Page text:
our monitoring services provide our governmental clients with innovative compliance technologies, industry-leading monitoring services, and evidence-based supervision and treatment programs for community-based parolees, probationers and pretrial defendants; including services provided under the Intensive Supervision Appearance Program, which we refer to as ISAP, for the provision of services designed to improve the participation in the immigration court system;


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we develop new facilities using our project development experience to design, construct and finance what we believe are state-of-the-art facilities that maximize security and efficiency;

we provide secure transportation services for individuals as contracted domestically and internationally - our joint venture GEOAmey is responsible for providing escort and custody services in the United Kingdom, including all of Wales and England except London and the East of England; and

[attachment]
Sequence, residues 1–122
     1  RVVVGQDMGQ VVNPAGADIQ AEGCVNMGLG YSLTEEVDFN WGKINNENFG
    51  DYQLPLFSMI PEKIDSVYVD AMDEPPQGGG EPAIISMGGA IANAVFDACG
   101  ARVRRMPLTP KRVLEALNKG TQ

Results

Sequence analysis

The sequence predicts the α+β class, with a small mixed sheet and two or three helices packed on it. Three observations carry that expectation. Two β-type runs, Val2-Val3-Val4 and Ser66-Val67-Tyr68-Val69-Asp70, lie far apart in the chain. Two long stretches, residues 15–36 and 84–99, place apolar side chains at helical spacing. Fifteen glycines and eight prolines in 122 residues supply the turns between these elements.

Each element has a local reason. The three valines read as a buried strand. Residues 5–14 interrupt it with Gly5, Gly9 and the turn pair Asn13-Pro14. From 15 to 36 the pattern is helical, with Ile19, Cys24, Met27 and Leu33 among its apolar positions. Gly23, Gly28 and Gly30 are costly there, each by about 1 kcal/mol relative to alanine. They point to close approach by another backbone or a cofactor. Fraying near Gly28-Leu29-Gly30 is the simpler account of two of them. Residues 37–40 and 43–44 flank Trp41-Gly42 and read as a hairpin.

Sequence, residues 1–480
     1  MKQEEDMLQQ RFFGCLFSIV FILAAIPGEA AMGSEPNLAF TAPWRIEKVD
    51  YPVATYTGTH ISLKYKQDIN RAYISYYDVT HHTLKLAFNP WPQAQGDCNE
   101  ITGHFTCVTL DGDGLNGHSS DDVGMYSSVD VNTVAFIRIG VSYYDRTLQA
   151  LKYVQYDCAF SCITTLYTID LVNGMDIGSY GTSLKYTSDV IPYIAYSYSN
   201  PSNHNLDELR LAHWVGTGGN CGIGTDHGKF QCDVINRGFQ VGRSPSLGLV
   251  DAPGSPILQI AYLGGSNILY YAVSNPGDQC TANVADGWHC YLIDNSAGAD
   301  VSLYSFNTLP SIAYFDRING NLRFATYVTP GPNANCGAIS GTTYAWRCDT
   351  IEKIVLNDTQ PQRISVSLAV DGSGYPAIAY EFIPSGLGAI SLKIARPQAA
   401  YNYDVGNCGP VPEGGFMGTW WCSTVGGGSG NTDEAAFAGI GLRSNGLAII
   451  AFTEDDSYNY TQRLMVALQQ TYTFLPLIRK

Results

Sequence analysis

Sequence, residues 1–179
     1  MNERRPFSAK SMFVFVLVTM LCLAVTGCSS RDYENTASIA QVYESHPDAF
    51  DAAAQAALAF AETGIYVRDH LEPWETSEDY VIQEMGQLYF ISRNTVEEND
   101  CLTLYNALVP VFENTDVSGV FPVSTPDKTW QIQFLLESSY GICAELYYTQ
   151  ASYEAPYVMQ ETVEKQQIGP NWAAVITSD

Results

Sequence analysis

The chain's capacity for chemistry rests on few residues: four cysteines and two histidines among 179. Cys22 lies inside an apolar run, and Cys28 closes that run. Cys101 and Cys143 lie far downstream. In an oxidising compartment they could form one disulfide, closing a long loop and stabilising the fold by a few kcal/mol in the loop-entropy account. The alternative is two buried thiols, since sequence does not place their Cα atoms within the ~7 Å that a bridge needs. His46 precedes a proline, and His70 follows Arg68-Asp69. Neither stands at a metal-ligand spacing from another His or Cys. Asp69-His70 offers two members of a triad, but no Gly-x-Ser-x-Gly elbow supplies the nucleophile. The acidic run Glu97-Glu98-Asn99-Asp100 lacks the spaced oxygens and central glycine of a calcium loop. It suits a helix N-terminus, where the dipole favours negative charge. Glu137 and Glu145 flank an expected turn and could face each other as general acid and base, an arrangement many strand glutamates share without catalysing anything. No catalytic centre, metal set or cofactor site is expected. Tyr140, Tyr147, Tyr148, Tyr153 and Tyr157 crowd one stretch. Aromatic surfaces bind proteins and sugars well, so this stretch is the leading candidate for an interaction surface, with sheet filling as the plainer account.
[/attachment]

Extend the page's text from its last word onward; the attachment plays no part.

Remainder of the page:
our services are provided at facilities which we either own, lease or are owned by our customers.

For the six months ended June 30, 2019 and June 30, 2018, we had consolidated revenues of $1,224.6 million and $1,148.4 million, respectively. We maintained an average company wide facility occupancy rate of 93.3% including 93,315 active beds and excluding 3,532 idle beds which includes those being marketed to potential customers for the six months ended June 30, 2019, and 92.3% including 87,717 active beds and excluding 8,256 idle beds which includes those being marketed to potential customers and beds under development for the six months ended June 30, 2018.